People in England will soon be able to access online anxiety and depression therapies following guidance from health authorities.
New treatment avenue opening up
Nine online talking-therapy treatments for anxiety or depression have been given the green light to be used by the NHS in England. Such treatment platforms are said to offer faster access to help but less time with a therapist.
While this style of therapy may not suit everyone, the health body recommending them has concluded that the benefits far outweigh the negative aspects.
The decision has been brought about by the massive increase in waiting times for more traditional talking therapeutic services. There is a huge demand for face-to-face services, with people waiting several months to see a therapist, as previously reported by My Mind News.
Meanwhile, psychiatrists have warned that digital therapies were not a long-term solution. Mental-health charity Sane said they were no substitute for a one-to-one relationship, and could leave people feeling even more isolated than before.
The aim is to reduce waiting times
One out of every six people in England says they experience a common mental health problem such as anxiety and depression in any given week.
In 2021-22, more than half a million people were referred to depression and anxiety services (known as NHS Talking Therapies) for problems such as body dysmorphic disorder, panic disorder, post-traumatic stress disorder (PTSD), obsessive-compulsive disorder, and a variety of phobias.
The new digital therapies, delivered via a website or an app using cognitive-behavioral therapy (CBT), provide an alternative way of accessing support, which may be more convenient for some, the National Institute for Health and Care Excellence (NICE) says. They could also free up resources and help reduce the wait for care.
Its guidance recommends six therapies designed to treat adults with anxiety disorders and three to treat those with depression, including therapy programs with such names as ‘Beating the Blues’, ‘Deprexis,’ and ‘Space from Anxiety.’
How does the treatment work?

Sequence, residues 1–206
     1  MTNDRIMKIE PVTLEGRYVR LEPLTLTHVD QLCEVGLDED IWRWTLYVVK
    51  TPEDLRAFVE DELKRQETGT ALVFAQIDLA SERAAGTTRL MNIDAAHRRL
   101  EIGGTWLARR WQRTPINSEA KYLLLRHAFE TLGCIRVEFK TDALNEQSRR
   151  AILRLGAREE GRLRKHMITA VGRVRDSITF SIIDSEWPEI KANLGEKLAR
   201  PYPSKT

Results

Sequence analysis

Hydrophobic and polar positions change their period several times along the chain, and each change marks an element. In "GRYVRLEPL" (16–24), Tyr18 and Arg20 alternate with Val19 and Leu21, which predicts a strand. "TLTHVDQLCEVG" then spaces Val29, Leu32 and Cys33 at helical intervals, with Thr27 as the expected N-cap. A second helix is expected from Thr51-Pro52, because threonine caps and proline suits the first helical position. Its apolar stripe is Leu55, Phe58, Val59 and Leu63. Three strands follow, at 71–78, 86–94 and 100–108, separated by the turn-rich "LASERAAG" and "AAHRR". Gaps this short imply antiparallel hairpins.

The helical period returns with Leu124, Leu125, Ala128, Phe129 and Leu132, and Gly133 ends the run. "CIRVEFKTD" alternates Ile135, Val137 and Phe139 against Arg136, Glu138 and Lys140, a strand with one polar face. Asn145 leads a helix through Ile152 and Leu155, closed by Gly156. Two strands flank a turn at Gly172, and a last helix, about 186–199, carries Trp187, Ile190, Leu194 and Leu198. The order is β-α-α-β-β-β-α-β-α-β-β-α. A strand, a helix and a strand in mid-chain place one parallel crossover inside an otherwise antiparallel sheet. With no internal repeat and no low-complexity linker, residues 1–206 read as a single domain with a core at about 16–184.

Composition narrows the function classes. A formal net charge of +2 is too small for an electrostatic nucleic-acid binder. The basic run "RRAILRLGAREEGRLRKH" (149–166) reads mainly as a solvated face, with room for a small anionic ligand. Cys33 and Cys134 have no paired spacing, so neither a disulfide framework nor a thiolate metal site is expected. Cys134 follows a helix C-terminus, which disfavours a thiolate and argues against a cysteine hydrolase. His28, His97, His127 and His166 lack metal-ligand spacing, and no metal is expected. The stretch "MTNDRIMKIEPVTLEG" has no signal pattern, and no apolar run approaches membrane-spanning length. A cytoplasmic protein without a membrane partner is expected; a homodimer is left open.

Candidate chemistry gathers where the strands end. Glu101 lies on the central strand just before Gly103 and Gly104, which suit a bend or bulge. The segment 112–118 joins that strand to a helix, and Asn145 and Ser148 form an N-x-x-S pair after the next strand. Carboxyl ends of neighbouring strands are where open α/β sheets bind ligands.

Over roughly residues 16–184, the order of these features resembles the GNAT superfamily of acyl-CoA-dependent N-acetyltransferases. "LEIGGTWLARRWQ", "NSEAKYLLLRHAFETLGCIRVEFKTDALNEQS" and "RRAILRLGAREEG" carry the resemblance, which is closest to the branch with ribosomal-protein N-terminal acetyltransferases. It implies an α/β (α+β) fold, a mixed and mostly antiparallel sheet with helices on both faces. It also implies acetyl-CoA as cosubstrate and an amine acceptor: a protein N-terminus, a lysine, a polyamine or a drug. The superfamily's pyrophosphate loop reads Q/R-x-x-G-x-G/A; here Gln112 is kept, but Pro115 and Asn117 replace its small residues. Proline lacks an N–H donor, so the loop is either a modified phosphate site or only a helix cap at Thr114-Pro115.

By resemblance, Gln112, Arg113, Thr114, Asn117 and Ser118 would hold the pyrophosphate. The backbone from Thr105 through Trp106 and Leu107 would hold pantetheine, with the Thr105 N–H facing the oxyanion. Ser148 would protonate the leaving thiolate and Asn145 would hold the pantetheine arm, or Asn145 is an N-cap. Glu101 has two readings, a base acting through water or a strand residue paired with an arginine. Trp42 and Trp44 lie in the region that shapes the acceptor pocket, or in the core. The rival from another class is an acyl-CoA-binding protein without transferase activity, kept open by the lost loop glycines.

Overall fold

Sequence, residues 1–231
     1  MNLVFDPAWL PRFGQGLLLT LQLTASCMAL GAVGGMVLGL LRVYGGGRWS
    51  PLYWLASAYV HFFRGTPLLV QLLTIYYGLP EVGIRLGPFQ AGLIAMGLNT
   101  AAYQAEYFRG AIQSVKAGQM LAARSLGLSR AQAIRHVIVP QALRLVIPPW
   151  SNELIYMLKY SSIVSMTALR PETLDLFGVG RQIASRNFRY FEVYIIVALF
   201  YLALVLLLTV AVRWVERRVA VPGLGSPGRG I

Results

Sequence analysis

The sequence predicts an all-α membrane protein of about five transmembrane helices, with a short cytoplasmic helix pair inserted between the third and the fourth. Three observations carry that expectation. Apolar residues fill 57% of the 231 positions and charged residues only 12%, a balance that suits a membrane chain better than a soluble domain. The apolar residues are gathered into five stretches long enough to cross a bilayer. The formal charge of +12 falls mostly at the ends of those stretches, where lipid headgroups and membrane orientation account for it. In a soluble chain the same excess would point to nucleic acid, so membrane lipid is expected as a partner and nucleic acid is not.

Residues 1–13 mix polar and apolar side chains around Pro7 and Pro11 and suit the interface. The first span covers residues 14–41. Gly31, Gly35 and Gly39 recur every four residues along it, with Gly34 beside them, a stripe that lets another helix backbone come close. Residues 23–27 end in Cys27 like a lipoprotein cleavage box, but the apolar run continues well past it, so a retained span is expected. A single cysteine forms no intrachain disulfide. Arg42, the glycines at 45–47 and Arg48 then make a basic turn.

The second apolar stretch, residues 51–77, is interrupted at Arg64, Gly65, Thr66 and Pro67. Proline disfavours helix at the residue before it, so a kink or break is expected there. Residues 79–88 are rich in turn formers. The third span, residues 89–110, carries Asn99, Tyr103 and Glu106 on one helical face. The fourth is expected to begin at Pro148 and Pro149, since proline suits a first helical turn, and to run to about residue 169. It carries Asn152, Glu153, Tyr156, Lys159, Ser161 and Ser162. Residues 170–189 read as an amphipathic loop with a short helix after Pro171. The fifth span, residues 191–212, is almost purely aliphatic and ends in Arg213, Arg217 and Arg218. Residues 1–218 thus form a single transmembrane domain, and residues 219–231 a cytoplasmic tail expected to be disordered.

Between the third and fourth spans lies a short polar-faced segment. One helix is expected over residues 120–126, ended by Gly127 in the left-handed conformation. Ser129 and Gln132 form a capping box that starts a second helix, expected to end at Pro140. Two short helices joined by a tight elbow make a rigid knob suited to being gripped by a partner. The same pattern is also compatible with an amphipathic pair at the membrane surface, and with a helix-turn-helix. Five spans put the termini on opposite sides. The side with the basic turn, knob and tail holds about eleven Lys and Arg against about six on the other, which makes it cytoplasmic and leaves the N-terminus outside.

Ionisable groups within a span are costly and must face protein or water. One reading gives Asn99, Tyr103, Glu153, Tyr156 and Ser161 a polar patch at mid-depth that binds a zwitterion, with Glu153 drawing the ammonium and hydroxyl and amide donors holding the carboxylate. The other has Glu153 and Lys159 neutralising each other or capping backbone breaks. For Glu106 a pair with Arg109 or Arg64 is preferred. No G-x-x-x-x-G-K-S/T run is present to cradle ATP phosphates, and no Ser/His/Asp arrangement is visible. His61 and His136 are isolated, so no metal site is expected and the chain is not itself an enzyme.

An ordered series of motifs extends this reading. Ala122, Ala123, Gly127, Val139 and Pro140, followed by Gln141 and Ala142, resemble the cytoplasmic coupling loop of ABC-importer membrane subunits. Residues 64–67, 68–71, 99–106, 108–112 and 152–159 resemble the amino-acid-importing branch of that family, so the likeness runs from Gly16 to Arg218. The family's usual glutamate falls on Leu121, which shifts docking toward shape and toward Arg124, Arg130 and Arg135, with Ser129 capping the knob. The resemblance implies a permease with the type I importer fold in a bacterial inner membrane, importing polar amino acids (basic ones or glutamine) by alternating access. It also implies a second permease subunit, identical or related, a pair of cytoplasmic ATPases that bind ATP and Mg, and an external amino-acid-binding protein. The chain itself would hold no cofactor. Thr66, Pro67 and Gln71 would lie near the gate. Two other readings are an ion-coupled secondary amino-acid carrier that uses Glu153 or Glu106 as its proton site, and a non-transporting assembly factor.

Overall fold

Before treatment starts, there is a formal assessment with a trained clinician or practitioner. Following this initial assessment, clinicians step away, leaving trained talking therapists to take the lead in treating the patient.
During online depression therapy, 90 minutes is spent with a therapist instead of eight hours during standard care. Similarly, online anxiety therapy gives four hours with a clinician, as opposed to 10 hours under normal care
Dr David Rigby, who jointly chairs the Royal College of Psychiatrists’ digital group, said digital therapies could make it easier for some vulnerable patients to access vital mental-health support but were not a long-term solution.
Talking to the BBC, he added,
“Mental health services are struggling with chronic staff shortages which are making it difficult for them to provide patients with quick and effective treatment. The government must tackle the workforce crisis by honoring its commitment to publish a comprehensive NHS workforce plan this year.”
No substitute for one-to-one care
Sane founder and chief executive Marjorie Wallace CBE has gone on the record to say that digital therapy may be very useful for some but was no substitute for a one-to-one relationship with someone who knows their story.
“Our experience with those who contact us is that self-diagnosis and techniques of self-management do not always reach the layers of their inner mental pain and can leave them feeling even more unsafe and alone,”
In responding to the concerns raised regarding the new online therapies, NICE interim director of medical technology and digital evaluation Mark Chapman said,
“One of our priorities is to get the best care to people fast while at the same time ensuring value for money for the taxpayer – these digitally enabled therapies do both. But the choice of online therapy must be the right one for the individual.”
While some of the digital therapies are already being rolled out, others require further approvals being they can be rolled out. Regional health authorities around the country will be examining how they might capitalize on the opportunities they offer so that patients can get the support they need faster and reduce overall waiting times.
NICE will look at the evidence from their use over the next few years to work out how cost-effective they are.
What are your thoughts in terms of online therapies? Would you take up an offer of online therapeutic support, should you receive it? Tell us more in the comments.